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Relics and reminders from Suffolk’s long history have, over time, become part of the landscape. The burial mounds at Sutton Hoo which date back to the 6th Century and the unique polygonal tower of Orford Castle built in the 12th Century demonstrate how the past influenced the landscape.

There is significant religious heritage that can be seen in the ruins of Greyfriars Priory, in the unique thatched roof of St Peter’s Church in Westleton and in the classical Georgian towers at Mistley.

Our Top Heritage Things to See:

View of Sutton Hoo tower

Sutton Hoo

Visit this Anglo-Saxon royal burial site located near Woodbridge for the improved visitor experience including a new viewing tower.

View of Dunwich Greyfriars

Greyfriars Priory

Grade II listed ruins of a mid-13th century Franciscan friary near the village of Dunwich.

View of Orford Castle

Orford Castle

Home to one of England’s most complete and unusual keeps, visitors can explore the castle from the basement up to the roof.

View of Westleton Church

St Peters Church

The exterior of the church is unusual because it has no tower or spire and it also has a thatched roof.

View of Mistley Towers

Mistley Towers

Overlooking the River Stour, the two porticoed towers stood by the end of an unconventional Georgian church designed by Robert Adam in 1776.

Places to Visit

The AONB has a huge range of things to see and do, from getting up close to the famous Suffolk Punch horse to staying in House in the Clouds in Thorpeness. Dunwich Museum reveals the history of the city under the sea, while Landguard Fort, Bawdsey Radar Museum and HMS Ganges Museum all look at the area’s military history.

There is an opportunity to see how local food and drink is produced such as flour at the Woodbridge Tide Mill or beer and gin at the Adnams Brewery Tour. The vast coastline and estuaries provide an opportunity to explore the area by boat, with not only several foot ferries but also tour operators that offer pleasure trips on the rivers.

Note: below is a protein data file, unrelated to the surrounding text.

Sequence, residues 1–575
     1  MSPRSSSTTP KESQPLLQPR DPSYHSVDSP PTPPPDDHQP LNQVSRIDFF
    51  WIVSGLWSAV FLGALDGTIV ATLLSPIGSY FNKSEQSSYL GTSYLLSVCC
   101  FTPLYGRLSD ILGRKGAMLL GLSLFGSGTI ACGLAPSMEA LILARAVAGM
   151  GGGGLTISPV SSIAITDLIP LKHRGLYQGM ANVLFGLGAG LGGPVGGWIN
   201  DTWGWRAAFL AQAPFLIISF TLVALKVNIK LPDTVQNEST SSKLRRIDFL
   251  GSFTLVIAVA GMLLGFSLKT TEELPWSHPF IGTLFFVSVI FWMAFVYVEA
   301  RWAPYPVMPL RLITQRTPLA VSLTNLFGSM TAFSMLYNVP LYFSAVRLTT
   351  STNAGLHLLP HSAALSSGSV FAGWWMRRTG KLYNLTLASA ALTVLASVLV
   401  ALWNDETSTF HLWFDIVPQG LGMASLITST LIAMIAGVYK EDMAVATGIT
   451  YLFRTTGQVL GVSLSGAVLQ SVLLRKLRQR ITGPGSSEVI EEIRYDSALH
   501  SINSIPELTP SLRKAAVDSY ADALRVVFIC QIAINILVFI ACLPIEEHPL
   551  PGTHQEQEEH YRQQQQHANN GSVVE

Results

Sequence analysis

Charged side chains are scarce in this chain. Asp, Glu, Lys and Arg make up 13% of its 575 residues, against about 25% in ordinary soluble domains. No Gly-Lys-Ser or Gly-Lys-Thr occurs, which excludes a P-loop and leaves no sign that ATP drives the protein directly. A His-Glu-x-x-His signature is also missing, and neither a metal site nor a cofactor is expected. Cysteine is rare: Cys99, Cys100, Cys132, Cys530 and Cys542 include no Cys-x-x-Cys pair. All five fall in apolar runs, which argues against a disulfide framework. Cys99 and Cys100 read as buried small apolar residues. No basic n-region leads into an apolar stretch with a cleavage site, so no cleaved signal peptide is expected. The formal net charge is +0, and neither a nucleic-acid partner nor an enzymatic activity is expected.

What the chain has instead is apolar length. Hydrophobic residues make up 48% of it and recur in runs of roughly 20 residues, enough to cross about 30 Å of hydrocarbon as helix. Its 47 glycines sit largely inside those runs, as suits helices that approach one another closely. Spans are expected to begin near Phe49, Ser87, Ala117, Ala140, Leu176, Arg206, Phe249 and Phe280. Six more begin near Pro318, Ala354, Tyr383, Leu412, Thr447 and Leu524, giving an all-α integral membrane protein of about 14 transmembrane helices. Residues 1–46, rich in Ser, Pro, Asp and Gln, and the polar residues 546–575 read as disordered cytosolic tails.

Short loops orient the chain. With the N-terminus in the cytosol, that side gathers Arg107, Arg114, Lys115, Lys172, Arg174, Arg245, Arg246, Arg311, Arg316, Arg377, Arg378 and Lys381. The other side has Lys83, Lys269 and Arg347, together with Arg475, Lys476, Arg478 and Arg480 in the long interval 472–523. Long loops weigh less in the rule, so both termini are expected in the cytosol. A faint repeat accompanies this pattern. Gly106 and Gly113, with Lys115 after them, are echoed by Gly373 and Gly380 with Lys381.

Our helpful visitor destination organisation, The Suffolk Coast, is an ideal start for exploring even more. 

Our Top Places to See:

Two horses by a fence

Suffolk Punch Trust

The farm located on the Deben Peninsula not only breeds endangered Suffolk Punch horses but has rare breed animals and runs events throughout the spring and summer.

Group of kids at Dunwich museum

Dunwich Museum

The village of Dunwich was once a large, thriving port but was lost to the sea over six centuries ago. The museum tells the story of the town and the lost city under the water.

Closeup of Southwold pier sign

Southwold Pier

Originally built in 1900, Southwold Pier once welcomed holiday makers arriving by steamboat. Today the Pier offers attractions, entertainment, food and drink .

View of House in the Clouds

The House in the Clouds

Nestled in the skyline at Thorpeness, this quirky house was built to cover a former water tower. Today, the house is available as a holiday let.

Group of kids running in Landguard Fort

Landguard Fort

One of England’s best-preserved coastal defences surrounded by the Landguard National Nature Reserve in Felixstowe. Visitors to the fort can learn about its history and enjoy re-enactments.

View of Tide Mill with boat in foreground

Woodbridge Tide Mill Museum

One of the first tide mills in the country is still working on the same site well over 800 years later. Visitors will not only discover how the flour is made but can buy a sample to take home.

View from inside Ganges museum

HMS Ganges Museum

The museum, located in Shotley Gate, is dedicated to the 160,000 boys who went through the Royal Navy Training Establishment between 1905 to 1976.

Group of people beside machine

Adnams Brewery Tours

Adnams have been brewing beer in Southwold for almost 700 years and the tours take visitors behind the scenes to see how the different beers and spirits are brewed today.

Group of people on small ferry

Suffolk Foot Ferries

There are four foot ferries operating across estuaries in the AONB; Walberswick-Southwold, Butley, Felixstowe-Bawdsey, and Shotley-Harwich-Felixstowe.